Specsavers: gettings a global contract right

Specsavers' framework contract with Fujitsu Siemens Computers, announced earlier this week, points to how global IT contracts can be constructed to match business expansion plans.

Specsavers' framework contract with Fujitsu Siemens Computers, announced earlier this week, points to how global IT contracts can be constructed to match business expansion plans.

The optician retailer has signed a global deal with Fujitsu Siemens Computer to support IT in new stores internationally and refresh legacy systems. The contract has needed to address two issues. First it needs to work globally, in order to support the company's plans to expand into new markets quickly. This is easier said than done, given that suppliers often struggle to offer truly global services agreements.

Second, the contract has to be flexible enough to support the business requirements of individual country managers at Specsavers, whilst allowing them to benefit from the economies of scale that a global deal offers in terms of cost savings.

The framework agreement works a bit like a government contract, laying out broad terms and conditions for a ready-made contract. Contract law will differ country to country.

Paul Woods, global account director at Fujitsu Siemens Computers in charge of the Specsavers account, says, "Every principle for contracting in each country is agreed up front, including preferred rates. We cannot guarantee a uniform price but we do have a target price and critical service level agreements (SLAs). All we do in each country is work out the legal side."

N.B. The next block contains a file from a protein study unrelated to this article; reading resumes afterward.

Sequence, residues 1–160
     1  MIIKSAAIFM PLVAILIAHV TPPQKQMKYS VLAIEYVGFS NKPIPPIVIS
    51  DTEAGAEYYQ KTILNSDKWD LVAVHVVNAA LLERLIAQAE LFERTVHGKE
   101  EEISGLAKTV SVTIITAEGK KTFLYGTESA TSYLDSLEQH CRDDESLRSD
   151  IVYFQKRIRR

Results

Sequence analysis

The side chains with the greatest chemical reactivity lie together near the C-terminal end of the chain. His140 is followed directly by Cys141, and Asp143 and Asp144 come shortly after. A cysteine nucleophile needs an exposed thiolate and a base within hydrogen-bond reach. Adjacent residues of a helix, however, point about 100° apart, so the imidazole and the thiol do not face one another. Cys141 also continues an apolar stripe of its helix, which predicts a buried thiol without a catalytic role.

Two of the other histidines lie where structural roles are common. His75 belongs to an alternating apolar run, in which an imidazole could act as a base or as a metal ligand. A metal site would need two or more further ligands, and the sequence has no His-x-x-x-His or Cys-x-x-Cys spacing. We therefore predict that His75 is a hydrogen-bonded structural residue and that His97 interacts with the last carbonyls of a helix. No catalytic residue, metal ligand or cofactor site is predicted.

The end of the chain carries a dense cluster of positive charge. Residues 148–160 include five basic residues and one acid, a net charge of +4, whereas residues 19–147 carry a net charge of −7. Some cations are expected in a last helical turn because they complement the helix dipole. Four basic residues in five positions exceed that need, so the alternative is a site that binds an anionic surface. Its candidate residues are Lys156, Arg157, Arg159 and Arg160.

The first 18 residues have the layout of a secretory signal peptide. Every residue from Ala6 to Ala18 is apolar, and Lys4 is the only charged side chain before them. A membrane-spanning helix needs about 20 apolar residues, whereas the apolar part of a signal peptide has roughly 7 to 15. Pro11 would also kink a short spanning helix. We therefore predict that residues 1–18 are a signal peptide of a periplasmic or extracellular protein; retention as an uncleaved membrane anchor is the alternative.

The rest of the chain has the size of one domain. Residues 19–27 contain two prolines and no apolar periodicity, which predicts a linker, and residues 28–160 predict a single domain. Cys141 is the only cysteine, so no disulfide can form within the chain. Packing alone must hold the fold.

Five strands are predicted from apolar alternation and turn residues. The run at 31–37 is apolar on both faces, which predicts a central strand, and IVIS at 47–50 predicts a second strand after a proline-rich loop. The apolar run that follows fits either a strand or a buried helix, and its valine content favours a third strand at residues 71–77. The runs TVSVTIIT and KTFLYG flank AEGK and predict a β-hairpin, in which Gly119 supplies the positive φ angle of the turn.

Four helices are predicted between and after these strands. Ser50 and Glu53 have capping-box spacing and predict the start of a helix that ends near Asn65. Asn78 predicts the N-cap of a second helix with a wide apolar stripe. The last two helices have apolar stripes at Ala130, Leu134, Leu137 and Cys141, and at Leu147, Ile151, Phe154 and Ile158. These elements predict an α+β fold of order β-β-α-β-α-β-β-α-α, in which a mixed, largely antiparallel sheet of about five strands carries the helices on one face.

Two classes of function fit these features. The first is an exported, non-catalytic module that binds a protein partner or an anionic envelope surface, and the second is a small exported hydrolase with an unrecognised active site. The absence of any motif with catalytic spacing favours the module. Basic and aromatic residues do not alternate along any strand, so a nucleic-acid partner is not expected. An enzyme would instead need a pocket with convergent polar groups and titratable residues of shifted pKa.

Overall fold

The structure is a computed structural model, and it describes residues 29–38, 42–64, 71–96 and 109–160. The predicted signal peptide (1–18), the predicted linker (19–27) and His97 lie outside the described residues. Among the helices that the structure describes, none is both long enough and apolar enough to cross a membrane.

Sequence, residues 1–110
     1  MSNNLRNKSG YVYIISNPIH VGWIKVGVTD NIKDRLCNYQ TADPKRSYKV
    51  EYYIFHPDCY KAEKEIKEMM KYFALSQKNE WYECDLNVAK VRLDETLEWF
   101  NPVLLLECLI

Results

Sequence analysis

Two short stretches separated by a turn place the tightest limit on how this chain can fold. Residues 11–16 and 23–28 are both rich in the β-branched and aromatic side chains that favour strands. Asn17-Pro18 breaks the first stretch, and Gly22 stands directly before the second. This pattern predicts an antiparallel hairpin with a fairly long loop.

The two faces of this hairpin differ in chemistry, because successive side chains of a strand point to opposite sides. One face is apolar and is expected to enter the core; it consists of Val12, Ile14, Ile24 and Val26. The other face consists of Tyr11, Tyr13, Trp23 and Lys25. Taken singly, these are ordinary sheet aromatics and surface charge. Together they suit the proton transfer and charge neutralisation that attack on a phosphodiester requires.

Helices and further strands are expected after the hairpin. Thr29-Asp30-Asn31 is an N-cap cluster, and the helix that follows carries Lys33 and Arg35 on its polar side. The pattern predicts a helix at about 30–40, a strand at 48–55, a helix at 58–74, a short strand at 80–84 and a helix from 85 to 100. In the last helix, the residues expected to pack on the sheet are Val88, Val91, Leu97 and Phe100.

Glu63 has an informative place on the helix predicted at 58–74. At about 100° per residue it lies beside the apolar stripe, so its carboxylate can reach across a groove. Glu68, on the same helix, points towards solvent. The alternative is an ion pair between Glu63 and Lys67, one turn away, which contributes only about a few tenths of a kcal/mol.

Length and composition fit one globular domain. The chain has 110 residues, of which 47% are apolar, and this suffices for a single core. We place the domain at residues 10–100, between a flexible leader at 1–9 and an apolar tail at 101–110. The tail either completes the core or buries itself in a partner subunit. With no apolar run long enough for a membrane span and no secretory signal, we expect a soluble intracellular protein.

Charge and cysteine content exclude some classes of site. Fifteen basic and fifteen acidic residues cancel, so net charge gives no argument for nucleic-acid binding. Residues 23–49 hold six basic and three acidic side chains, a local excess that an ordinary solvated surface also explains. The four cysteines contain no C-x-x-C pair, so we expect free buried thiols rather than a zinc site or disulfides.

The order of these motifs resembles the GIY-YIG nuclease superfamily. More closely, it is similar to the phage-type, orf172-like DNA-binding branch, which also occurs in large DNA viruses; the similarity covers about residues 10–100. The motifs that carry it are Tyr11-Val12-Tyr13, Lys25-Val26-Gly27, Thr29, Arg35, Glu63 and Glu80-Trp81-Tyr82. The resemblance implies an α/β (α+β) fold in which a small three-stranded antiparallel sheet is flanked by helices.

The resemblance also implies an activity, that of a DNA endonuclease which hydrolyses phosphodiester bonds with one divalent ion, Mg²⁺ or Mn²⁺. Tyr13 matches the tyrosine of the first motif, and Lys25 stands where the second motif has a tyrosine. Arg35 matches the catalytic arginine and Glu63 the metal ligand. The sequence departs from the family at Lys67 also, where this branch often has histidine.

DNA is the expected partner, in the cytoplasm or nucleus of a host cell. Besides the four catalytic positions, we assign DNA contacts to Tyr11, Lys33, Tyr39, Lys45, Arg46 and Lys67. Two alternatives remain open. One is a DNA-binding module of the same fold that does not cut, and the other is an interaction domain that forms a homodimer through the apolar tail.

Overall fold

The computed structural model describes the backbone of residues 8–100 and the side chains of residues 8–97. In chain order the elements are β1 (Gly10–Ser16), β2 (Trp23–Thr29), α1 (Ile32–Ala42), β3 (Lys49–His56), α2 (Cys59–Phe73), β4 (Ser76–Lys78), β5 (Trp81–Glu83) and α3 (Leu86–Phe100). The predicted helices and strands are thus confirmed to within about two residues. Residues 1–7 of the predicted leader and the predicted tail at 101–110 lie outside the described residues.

This type of a contract requires careful planning, says Mark Beard, IT project office manager at Specsavers. "There is nothing worse than not trusting the supplier so it is very important for us to have regular contact with the account manager"

Regular meetings with the supplier is critical, according to Wood. This became especially important a few months ago when Woods replaced Jonathan Moore, the previous account manager at Fujitsu Siemens Computer, who had been looking after the Specsavers account for three years.

It was a close relationship according to Moore. "I used to meet Mark Beard two times a week, depending on what was going on." So when he left the account Moore remained in contact with Specsavers until Woods was able to take over control of the account.

There are plenty of lessons IT directors can take away from the way Specsavers has worked with its supplier in this contract. The first concerns working in a global economy. Richard Hannah, managing director of IT practice for EMEA & Asia-PAC at Equaterra, says, "Since very few suppliers are truly global, this type of contract is becoming more common place. It requires both buyer and supplier to be pragmatic and flexible."

Hannah recommends businesses ensure SLAS are suitably detailed. Second, the buyer must be clear on the requirements of the contract. Third, the commercial and legal arrangements are sound, and technology export controls worked through.

"The lesson we have learned is that the contract is all about a partnership with Fujitsu Siemens Computers," says Beard. "We do not try to screw our suppliers. It is important Fujitsu Siemens Computers gets enough value from Specsavers to allow it to invest its best people with us."

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